Faerie Tarot by Nathalie Hertz, published by U.S. Games Systems, Inc, 2008. Hertz is a French artist, and the creator of several other beautiful tarot decks. The Faerie Tarot was ‘inspired by the flora and fauna of the French countryside,’ and ‘invites you to see the world in a delightful new way…blending fantasy, whimsy, and nature.’
Impressionist Tarot by Arturo Picca (artist) and Corrine Kenner (author), published by Lo Scarabeo in 2015. This deck takes works of classic impressionist paintings and recreates them to fit the meanings of the tarot. It pulls from works of Edonard Manet, Claude Monet, Pierre Auguste Renoir, Edgar Degas, Vincent van Gough, and Paul Gauguin. A truly beautiful deck, especially for those who have interest in the art world.
Prisma Visions Tarot by James R. Eads, 3rd ed., published in 2016. The deck itself is beautiful, though perhaps not for the beginning tarot reader. The suits all fit together to create a master picture displaying the energy and progression of the suits. The figures and images flow from one card to the next, showing movement within the stationary cards.
Rider-Waite by A. E. Waite. The deck used in these photos is currently out of print. I won’t say much about this deck, as it is fairly standard and probably one of the most produced decks. It serves as a standard for many tarot readers and artists, depicting classic images relating in part to the original playing cards that tarot developed from.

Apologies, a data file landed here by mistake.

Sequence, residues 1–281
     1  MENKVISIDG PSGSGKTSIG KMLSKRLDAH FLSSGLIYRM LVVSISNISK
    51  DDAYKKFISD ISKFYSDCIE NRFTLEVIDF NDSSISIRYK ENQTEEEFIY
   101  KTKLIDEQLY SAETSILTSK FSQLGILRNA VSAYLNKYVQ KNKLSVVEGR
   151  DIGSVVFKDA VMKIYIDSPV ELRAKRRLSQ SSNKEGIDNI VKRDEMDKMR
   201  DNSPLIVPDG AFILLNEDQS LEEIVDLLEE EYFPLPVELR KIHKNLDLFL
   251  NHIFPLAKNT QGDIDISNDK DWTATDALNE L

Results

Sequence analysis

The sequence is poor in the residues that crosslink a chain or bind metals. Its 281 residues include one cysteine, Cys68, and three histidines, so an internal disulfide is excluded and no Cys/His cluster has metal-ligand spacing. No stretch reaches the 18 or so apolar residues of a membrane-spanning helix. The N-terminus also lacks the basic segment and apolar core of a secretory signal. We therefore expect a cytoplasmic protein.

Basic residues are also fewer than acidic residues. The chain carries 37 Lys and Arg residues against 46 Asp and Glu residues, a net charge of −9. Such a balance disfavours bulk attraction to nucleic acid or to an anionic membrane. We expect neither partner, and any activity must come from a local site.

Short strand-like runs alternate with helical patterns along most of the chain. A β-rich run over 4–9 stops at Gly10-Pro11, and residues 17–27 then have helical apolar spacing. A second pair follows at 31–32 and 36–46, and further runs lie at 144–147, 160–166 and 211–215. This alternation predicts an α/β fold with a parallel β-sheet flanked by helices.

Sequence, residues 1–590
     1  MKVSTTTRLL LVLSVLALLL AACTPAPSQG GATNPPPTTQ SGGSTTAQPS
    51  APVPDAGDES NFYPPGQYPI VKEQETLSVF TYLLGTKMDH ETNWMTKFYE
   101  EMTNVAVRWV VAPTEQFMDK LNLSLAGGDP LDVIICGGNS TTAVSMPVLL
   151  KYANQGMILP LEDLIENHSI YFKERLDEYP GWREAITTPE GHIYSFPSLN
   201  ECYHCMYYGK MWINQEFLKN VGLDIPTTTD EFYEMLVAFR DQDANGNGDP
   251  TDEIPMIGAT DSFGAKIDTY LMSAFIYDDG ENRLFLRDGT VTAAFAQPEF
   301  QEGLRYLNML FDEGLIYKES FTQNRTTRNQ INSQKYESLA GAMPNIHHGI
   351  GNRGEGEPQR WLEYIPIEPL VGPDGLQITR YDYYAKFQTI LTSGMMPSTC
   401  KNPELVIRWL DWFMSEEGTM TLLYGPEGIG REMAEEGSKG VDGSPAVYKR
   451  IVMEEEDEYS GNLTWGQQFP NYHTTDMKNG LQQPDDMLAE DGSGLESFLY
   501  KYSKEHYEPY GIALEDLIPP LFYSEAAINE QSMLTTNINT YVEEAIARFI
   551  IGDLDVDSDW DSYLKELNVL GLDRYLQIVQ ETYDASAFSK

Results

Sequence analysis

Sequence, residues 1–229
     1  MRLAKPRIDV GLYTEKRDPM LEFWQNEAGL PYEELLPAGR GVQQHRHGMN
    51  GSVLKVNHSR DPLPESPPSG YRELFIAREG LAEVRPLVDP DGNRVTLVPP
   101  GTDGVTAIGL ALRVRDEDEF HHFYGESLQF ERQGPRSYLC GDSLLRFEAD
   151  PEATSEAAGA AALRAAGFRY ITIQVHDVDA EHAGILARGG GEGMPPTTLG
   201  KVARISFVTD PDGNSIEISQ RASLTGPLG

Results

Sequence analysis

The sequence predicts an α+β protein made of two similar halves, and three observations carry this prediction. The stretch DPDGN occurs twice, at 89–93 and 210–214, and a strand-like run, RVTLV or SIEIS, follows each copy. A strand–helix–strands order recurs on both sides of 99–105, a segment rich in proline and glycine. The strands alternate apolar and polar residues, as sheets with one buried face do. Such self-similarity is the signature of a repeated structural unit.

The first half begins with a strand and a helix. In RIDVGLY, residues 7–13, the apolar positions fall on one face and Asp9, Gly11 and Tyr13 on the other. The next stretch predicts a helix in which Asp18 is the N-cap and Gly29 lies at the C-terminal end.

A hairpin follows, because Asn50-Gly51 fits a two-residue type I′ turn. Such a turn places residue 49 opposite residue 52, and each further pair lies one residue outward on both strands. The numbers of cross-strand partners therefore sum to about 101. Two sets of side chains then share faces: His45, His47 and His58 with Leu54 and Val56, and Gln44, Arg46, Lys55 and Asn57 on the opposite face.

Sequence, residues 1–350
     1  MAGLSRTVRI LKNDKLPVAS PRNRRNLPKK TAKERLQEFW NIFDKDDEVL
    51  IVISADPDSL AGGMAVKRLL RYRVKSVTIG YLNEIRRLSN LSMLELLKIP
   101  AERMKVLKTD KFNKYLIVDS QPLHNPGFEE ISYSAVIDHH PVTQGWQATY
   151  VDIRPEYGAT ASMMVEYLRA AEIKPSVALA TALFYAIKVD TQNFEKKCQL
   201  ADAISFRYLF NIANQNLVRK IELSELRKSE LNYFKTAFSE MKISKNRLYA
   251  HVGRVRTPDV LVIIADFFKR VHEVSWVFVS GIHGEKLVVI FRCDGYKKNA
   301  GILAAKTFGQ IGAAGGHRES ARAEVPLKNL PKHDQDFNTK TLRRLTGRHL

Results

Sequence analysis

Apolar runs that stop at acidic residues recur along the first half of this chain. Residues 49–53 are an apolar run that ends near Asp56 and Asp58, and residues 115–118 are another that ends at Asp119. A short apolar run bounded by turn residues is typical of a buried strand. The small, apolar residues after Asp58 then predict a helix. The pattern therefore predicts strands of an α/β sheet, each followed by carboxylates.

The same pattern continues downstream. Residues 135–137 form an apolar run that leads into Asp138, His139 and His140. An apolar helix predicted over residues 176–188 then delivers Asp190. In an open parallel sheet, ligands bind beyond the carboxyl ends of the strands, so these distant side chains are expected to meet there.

The Spiral Tarot by Kay Steventon. With turn-of-the-20th-century style art, this deck takes from the classic Rider-Waite deck and brings it up to the late 1800-early 1900’s, a time of industry and contemplation for the western world as it moved forward into a more technological era. I am a little biased toward this deck as it’s been my main deck for 15 years. The cards are thick with additional symbolism that can be tricky to pick out of the traditional Rider-Waite, and adds layers of Greek myth throughout the Major Arcana.
Thoth Tarot by Aleister Crowley (designer and author) and Lady Frieda Harris (artist), published by U. S. Games Systems, Inc., in 1978. This deck takes from most esoteric imagery, and requires the reader of the deck to have deep, initiate knowledge of the symbolism used. There is nothing within the cards that is without meaning. However, on a more surface level, the deck draws from Egyptian symbolism and from the style of the Marseille Tarot (mostly seen within the Minor Arcana). For those looking for deeper understandings of the universe, I recommend this deck. I would caution that this deck is highly advanced, and might be avoided for the budding reader.
Vampire Tarot – by Nathalie Hertz, published by U.S. Games Systems, Inc. in 2000. As mentioned above in reference to the Faerie Tarot, Hertze is a French artist who gained her notability through the publication of her tarot decks. The Vampire Tarot was a bestselling deck upon its release, and plays on more gothic symbolism, providing more jarring interpretations to allow for the accepting of negative forces within the world to compliment the positive forces. The deck brings together myths and legends in the form of vampires, which ‘gives tarot readers a macabre passport’ into the world of divination.